31. 31. rect, it could work the young man evil in London as easilyas in Devonshire. A devil with merely local powers like aparish vestry would be too inconceivable a thing.’ ‘You put the matter more flippantly, Mr. Holmes, thanyou would probably do if you were brought into personalcontact with these things. Your advice, then, as I under-stand it, is that the young man will be as safe in Devonshireas in London. He comes in fifty minutes. What would yourecommend?’ ‘I recommend, sir, that you take a cab, call off your spanielwho is scratching at my front door, and proceed to Waterlooto meet Sir Henry Baskerville.’ ‘And then?’ ‘And then you will say nothing to him at all until I havemade up my mind about the matter.’ ‘How long will it take you to make up your mind?’ ‘Twenty-four hours. At ten o’clock to-morrow, Dr. Mor-timer, I will be much obliged to you if you will call upon mehere, and it will be of help to me in my plans for the futureif you will bring Sir Henry Baskerville with you.’ ‘I will do so, Mr. Holmes.’ He scribbled the appointmenton his shirtcuff and hurried off in his strange, peering, ab-sent-minded fashion. Holmes stopped him at the head ofthe stair. ‘Only one more question, Dr. Mortimer. You say that be-fore Sir Charles Baskerville’s death several people saw thisapparition upon the moor?’ ‘Three people did.’ ‘Did any see it after?’Free eBooks at Planet eBook.com 31
  32. 32. ‘I have not heard of any.’ ‘Thank you. Good morning.’ Holmes returned to his seat with that quiet look of in-ward satisfaction which meant that he had a congenial taskbefore him. ‘Going out, Watson?’ ‘Unless I can help you.’ ‘No, my dear fellow, it is at the hour of action that I turnto you for aid. But this is splendid, really unique from somepoints of view. When you pass Bradley’s, would you ask himto send up a pound of the strongest shag tobacco? Thankyou. It would be as well if you could make it convenient notto return before evening. Then I should be very glad to com-pare impressions as to this most interesting problem whichhas been submitted to us this morning.’ I knew that seclusion and solitude were very necessaryfor my friend in those hours of intense mental concentra-tion during which he weighed every particle of evidence,constructed alternative theories, balanced one against theother, and made up his mind as to which points were es-sential and which immaterial. I therefore spent the day atmy club and did not return to Baker Street until evening. Itwas nearly nine o’clock when I found myself in the sitting-room once more. My first impression as I opened the door was that a firehad broken out, for the room was so filled with smoke thatthe light of the lamp upon the table was blurred by it. As Ientered, however, my fears were set at rest, for it was theacrid fumes of strong coarse tobacco which took me by the32 The Hound of the Baskervilles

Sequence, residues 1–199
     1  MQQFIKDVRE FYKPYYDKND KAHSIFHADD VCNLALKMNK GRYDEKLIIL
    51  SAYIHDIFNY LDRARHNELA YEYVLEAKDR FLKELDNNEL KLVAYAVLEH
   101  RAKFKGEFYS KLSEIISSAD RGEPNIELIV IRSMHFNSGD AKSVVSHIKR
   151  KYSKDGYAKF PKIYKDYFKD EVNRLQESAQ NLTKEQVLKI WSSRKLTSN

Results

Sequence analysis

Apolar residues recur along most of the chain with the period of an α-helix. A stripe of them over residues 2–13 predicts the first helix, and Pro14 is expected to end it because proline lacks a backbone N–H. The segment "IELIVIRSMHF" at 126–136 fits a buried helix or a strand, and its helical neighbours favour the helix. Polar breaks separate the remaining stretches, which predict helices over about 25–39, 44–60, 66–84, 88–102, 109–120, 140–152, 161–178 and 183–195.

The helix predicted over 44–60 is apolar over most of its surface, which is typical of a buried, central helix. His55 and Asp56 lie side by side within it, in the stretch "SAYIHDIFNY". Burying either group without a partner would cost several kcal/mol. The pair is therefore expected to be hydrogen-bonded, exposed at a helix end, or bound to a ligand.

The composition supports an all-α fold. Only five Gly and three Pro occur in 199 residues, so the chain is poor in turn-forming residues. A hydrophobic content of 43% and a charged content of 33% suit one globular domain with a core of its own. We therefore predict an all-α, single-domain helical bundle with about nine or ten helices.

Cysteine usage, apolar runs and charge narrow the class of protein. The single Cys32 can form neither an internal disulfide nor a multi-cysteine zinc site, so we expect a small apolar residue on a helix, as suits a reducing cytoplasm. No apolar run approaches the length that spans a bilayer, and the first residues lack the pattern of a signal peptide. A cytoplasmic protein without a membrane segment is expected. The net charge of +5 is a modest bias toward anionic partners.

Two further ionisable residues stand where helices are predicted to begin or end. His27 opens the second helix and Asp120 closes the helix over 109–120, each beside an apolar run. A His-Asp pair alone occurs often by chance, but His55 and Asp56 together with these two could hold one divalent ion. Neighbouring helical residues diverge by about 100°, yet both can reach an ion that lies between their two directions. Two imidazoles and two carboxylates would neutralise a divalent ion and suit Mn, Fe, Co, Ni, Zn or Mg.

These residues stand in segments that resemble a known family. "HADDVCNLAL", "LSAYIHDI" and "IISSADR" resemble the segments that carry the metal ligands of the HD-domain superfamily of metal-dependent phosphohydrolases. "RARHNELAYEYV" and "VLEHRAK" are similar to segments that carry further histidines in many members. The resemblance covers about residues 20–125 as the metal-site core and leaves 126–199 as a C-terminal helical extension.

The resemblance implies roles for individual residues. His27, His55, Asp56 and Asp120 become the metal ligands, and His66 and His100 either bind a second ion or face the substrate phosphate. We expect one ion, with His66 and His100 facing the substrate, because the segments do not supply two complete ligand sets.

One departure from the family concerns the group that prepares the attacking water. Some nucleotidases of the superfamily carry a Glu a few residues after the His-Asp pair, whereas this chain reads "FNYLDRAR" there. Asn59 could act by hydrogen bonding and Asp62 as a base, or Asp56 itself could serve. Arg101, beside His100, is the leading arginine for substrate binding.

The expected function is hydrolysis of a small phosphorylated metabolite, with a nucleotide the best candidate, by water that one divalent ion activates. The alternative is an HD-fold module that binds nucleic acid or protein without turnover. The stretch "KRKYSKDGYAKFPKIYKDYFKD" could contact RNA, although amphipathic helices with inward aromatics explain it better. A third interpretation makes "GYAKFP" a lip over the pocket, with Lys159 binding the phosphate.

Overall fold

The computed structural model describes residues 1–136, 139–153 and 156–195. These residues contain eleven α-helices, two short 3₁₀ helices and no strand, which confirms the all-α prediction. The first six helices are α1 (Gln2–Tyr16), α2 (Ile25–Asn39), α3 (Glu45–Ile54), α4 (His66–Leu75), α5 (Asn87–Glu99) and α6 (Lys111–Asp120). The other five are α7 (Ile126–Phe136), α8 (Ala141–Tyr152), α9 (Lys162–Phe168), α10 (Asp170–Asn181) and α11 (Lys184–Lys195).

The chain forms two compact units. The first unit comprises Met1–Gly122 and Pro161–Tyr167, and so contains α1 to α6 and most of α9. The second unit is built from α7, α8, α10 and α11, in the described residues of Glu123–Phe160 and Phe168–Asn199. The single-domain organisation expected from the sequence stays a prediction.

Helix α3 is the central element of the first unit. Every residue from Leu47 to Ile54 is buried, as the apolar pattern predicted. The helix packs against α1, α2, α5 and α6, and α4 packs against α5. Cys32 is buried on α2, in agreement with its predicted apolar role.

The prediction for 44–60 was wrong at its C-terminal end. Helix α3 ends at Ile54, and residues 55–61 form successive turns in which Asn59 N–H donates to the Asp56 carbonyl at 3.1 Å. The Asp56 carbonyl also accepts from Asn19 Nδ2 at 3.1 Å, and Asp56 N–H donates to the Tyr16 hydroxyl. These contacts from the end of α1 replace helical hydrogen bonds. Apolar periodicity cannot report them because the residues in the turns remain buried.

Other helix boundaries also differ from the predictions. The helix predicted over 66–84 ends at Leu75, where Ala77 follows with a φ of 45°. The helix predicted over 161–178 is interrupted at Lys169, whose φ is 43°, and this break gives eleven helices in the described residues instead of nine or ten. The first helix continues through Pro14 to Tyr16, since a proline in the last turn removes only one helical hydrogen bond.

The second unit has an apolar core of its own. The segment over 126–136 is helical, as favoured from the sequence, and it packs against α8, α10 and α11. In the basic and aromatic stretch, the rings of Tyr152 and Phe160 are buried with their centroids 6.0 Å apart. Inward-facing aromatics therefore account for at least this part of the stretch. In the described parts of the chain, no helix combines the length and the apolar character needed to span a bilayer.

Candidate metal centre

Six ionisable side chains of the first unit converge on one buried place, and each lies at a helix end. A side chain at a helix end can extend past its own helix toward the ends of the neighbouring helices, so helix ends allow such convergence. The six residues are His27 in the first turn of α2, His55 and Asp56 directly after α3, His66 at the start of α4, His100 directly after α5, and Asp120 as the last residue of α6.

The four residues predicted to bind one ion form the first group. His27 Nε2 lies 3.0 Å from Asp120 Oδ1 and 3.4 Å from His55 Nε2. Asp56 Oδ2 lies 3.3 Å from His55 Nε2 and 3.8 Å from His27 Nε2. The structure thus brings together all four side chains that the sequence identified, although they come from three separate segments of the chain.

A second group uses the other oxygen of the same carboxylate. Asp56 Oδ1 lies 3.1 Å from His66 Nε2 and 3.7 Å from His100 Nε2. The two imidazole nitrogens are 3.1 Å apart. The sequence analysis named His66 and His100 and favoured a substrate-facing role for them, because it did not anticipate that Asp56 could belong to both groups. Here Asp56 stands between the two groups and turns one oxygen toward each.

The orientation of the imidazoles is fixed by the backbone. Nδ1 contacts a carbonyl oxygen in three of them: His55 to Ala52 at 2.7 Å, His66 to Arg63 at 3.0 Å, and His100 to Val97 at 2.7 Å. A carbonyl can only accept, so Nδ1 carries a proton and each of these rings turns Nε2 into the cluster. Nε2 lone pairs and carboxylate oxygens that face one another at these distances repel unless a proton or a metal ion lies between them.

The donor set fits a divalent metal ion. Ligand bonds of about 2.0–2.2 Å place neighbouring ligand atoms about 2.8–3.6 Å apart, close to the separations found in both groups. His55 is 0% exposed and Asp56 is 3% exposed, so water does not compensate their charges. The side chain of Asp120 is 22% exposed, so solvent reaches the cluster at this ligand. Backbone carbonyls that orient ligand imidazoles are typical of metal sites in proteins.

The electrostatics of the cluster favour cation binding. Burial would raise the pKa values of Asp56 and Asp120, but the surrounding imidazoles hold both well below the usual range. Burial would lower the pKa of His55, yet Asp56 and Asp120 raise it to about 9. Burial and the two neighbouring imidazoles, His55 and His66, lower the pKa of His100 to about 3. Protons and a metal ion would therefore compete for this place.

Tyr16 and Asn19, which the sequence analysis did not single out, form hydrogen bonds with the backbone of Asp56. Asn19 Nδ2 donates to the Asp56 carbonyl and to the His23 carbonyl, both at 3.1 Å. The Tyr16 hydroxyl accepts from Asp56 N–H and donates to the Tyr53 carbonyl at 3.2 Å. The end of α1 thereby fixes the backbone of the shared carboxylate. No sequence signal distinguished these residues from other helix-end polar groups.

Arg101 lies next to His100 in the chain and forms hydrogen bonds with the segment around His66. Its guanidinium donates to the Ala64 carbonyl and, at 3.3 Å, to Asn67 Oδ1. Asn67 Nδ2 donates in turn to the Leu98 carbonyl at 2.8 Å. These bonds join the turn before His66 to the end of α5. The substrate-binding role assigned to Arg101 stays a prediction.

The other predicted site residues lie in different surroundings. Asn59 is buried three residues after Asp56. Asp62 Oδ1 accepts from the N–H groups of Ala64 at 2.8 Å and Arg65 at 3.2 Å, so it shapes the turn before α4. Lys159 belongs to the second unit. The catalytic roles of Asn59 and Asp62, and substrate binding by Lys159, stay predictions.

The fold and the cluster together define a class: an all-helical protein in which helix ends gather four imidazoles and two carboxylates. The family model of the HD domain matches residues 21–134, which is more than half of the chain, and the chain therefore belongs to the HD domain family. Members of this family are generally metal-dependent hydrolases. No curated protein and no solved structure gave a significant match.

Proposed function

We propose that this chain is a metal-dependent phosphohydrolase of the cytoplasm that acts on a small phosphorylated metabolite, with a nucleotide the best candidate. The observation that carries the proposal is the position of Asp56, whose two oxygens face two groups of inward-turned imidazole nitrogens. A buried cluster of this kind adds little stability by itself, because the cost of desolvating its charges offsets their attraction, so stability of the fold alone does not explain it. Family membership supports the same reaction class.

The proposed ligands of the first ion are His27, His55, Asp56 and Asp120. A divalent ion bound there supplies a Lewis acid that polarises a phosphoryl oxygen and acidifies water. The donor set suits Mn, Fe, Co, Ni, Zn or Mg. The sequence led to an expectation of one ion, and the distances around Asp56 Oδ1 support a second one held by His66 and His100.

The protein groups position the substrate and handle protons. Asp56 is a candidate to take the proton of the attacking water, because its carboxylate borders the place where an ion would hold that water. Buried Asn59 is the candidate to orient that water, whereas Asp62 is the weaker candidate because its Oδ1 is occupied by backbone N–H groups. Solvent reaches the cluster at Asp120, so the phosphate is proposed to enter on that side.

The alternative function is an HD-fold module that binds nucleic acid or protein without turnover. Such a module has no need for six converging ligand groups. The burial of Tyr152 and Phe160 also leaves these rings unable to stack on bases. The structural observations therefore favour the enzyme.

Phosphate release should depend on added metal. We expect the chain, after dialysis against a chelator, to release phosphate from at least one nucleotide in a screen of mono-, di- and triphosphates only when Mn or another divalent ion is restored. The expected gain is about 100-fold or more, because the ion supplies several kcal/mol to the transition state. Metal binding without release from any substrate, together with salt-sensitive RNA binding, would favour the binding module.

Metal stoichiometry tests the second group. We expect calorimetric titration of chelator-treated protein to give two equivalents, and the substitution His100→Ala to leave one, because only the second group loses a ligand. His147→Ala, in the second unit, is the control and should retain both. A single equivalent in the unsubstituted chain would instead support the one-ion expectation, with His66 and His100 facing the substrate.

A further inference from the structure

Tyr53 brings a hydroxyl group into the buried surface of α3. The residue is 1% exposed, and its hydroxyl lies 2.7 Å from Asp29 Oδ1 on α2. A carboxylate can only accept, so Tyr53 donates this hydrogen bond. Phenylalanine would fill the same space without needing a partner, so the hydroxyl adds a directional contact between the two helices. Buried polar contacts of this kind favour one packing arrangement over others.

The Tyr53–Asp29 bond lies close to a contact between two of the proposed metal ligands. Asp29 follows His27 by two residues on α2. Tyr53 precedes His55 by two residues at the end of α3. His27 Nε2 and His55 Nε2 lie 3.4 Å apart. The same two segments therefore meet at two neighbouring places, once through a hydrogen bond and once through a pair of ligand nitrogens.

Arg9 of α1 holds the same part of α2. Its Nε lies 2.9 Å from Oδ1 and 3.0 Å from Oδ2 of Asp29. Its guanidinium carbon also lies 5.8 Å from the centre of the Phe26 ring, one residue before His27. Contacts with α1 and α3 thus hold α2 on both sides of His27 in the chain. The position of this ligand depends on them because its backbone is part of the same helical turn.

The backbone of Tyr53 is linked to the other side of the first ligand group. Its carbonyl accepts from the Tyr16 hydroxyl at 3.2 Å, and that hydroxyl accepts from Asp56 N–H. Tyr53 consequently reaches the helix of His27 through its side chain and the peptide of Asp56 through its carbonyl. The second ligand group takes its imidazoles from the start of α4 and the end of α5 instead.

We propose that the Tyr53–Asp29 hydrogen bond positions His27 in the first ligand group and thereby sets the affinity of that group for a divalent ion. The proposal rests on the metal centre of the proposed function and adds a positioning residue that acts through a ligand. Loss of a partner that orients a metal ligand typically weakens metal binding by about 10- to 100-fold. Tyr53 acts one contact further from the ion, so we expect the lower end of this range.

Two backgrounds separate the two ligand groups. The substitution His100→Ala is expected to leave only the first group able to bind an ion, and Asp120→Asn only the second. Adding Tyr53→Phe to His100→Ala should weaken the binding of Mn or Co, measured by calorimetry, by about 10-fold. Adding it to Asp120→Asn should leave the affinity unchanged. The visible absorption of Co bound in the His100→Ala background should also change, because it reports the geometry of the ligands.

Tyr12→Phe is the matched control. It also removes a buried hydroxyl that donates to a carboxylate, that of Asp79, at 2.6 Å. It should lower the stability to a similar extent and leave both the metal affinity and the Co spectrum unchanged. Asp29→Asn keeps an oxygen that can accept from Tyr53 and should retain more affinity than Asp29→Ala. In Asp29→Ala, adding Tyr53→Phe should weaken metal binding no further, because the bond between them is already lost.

33. 33. throat and set me coughing. Through the haze I had a vaguevision of Holmes in his dressing-gown coiled up in an arm-chair with his black clay pipe between his lips. Several rollsof paper lay around him. ‘Caught cold, Watson?’ said he. ‘No, it’s this poisonous atmosphere.’ ‘I suppose it is pretty thick, now that you mention it.’ ‘Thick! It is intolerable.’ ‘Open the window, then! You have been at your club allday, I perceive.’ ‘My dear Holmes!’ ‘Am I right?’ ‘Certainly, but how?’ He laughed at my bewildered expression. ‘There is a delightful freshness about you, Watson, whichmakes it a pleasure to exercise any small powers which I pos-sess at your expense. A gentleman goes forth on a showeryand miry day. He returns immaculate in the evening withthe gloss still on his hat and his boots. He has been a fix-ture therefore all day. He is not a man with intimate friends.Where, then, could he have been? Is it not obvious?’ ‘Well, it is rather obvious.’ ‘The world is full of obvious things which nobody byany chance ever observes. Where do you think that I havebeen?’ ‘A fixture also.’ ‘On the contrary, I have been to Devonshire.’ ‘In spirit?’ ‘Exactly. My body has remained in this arm-chair andFree eBooks at Planet eBook.com 33
  34. 34. has, I regret to observe, consumed in my absence two largepots of coffee and an incredible amount of tobacco. Afteryou left I sent down to Stamford’s for the Ordnance map ofthis portion of the moor, and my spirit has hovered over itall day. I flatter myself that I could find my way about.’ ‘A large scale map, I presume?’ ‘Very large.’ He unrolled one section and held it over hisknee. ‘Here you have the particular district which concernsus. That is Baskerville Hall in the middle.’ ‘With a wood round it?’ ‘Exactly. I fancy the Yew Alley, though not marked un-der that name, must stretch along this line, with the moor,as you perceive, upon the right of it. This small clump ofbuildings here is the hamlet of Grimpen, where our friendDr. Mortimer has his headquarters. Within a radius offive miles there are, as you see, only a very few scattereddwellings. Here is Lafter Hall, which was mentioned inthe narrative. There is a house indicated here which maybe the residence of the naturalist—Stapleton, if I rememberright, was his name. Here are two moorland farm-houses,High Tor and Foulmire. Then fourteen miles away the greatconvict prison of Princetown. Between and around thesescattered points extends the desolate, lifeless moor. This,then, is the stage upon which tragedy has been played, andupon which we may help to play it again.’ ‘It must be a wild place.’ ‘Yes, the setting is a worthy one. If the devil did desire tohave a hand in the affairs of men ——‘ ‘Then you are yourself inclining to the supernatural ex-34 The Hound of the Baskervilles